(This won’t be an option, by the way. The clock is already ticking on your stay here, and for as much as it will break my heart when the day comes, these accommodations aren’t meant to be permanent ones. We’re not paying your rent, either, when you’re a grown-ass woman, nor are we buying you a car. Generations before you did without if they couldn’t pay for it. Yours will too.)

What I want you to know, without having to say “It’s for your own good,” is that there is pride and joy that comes from overcoming. And the feeling that comes from knowing you can do anything, that you can triumph, will come in much handier than if your Dad and I made it so you wouldn’t have to feel pain or know hardship. Hard work will make you happy. It will.

Besides, you are half Shea. There is probably no way you’ll be able to go through life without making every molehill you encounter into a mountain, anyway. We Sheas solve no small problems. Only large ones. If they’re small to begin with, we’ll make them large, by God, so they’re worthy of our efforts and all of the chest-puffing we’ll do upon conclusion. This is the stock you’re from.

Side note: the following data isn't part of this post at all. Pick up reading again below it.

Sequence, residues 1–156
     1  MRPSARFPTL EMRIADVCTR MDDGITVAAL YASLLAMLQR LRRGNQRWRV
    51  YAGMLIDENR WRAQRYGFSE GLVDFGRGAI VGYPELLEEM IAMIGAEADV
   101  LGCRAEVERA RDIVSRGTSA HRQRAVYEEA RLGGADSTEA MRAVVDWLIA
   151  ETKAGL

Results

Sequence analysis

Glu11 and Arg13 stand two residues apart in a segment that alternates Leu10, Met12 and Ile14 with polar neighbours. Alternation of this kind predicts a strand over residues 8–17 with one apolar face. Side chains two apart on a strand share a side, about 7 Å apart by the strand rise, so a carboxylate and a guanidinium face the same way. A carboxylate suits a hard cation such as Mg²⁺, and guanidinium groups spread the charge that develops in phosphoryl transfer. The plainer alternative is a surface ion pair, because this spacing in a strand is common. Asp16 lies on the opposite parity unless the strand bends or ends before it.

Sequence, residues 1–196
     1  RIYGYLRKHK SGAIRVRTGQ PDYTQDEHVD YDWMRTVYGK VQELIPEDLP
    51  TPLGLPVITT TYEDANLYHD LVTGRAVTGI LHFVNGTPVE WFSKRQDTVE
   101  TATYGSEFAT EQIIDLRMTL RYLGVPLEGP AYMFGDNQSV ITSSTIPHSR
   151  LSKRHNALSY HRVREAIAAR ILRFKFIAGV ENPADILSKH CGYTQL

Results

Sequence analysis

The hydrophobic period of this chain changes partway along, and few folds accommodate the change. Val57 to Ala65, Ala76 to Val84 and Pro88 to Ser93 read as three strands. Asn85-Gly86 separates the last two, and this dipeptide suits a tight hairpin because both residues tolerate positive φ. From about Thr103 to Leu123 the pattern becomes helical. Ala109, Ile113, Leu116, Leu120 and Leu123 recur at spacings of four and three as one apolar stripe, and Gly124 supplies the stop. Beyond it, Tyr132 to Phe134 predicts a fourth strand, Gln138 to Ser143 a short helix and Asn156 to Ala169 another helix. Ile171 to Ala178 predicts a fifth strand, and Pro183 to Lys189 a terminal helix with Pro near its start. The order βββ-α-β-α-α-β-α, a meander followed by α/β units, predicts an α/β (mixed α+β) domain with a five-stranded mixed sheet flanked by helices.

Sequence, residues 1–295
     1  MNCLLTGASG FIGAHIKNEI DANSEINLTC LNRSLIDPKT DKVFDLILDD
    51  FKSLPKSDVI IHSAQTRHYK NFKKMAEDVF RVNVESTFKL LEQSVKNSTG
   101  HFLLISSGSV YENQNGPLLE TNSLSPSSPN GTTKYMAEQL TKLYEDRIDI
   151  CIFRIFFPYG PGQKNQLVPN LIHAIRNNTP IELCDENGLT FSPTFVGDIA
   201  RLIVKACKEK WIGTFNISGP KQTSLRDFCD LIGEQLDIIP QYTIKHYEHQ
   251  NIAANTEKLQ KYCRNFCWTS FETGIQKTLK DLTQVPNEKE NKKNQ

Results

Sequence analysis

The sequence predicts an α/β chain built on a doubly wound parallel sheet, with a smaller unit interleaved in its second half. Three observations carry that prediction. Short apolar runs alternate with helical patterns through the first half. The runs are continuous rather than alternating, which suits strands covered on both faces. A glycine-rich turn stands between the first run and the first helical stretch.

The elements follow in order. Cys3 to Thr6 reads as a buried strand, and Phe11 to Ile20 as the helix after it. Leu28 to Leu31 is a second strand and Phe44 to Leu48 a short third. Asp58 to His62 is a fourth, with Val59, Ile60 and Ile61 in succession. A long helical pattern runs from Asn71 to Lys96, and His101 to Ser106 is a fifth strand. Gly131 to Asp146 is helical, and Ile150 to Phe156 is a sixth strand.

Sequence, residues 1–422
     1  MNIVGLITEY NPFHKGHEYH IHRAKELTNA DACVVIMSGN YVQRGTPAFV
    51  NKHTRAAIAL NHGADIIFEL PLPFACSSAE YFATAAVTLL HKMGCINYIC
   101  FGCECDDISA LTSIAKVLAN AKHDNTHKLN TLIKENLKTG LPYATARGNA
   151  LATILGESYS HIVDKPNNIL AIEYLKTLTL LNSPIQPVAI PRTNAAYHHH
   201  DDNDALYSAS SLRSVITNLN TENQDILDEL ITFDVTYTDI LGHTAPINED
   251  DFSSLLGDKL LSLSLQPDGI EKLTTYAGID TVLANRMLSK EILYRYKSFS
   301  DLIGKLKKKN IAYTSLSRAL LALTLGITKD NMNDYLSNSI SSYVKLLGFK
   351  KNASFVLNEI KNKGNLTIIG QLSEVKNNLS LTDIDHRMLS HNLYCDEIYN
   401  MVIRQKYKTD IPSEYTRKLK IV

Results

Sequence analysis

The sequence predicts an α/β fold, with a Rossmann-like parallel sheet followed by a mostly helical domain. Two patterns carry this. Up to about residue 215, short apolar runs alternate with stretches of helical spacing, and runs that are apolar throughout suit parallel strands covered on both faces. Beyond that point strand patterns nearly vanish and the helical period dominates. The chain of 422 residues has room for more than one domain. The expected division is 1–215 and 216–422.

Your Dad on Father’s Day wrote about being a Dad, about how really every day of our marriage is about a commitment to that day, and getting it right. You are, for us, the fruit of those labors in so many ways. Had we not worked hard, every day, at our relationship, made a commitment to our family, you might not have been here. I like to believe, though, that God had a hand in things, and that for as much as your Dad and I think we had something to do with all of this, really we were just those little kids sitting in the backseat with a toy wheel in front of us, thinking we’re the ones driving, when all along the control was in the hands of someone else who knows better.

But I also believe that same God expects us to meet Him halfway.

I make it difficult some days. There are times when I have dug my heels in so firmly that I’m stunned I’ve been able to move from one place to the next. But in the times when the house is still, when the excitement of that day’s happenings settle in the nooks and crannies of the bookshelves, the carpet, the blankets and even in the early evening sunbeam that blasts through the window in the upstairs bathroom, and bathes us in its warmth as we rock together in the glider in the landing just outside it, I am equally moved by how far I’ve come.

My lips brush the downy ends of your hair on top of your head, and the only noises in the room are the final, sleepy gulps you take from your bedtime bottle and the birds outside. We sigh, we settle in, we fret about nothing. I could sit there, with your soft, dozing little body tucked into mine, for forever and let the rest of the world have its busy business outside.

I am with my daughter. There is no more important place for me to be.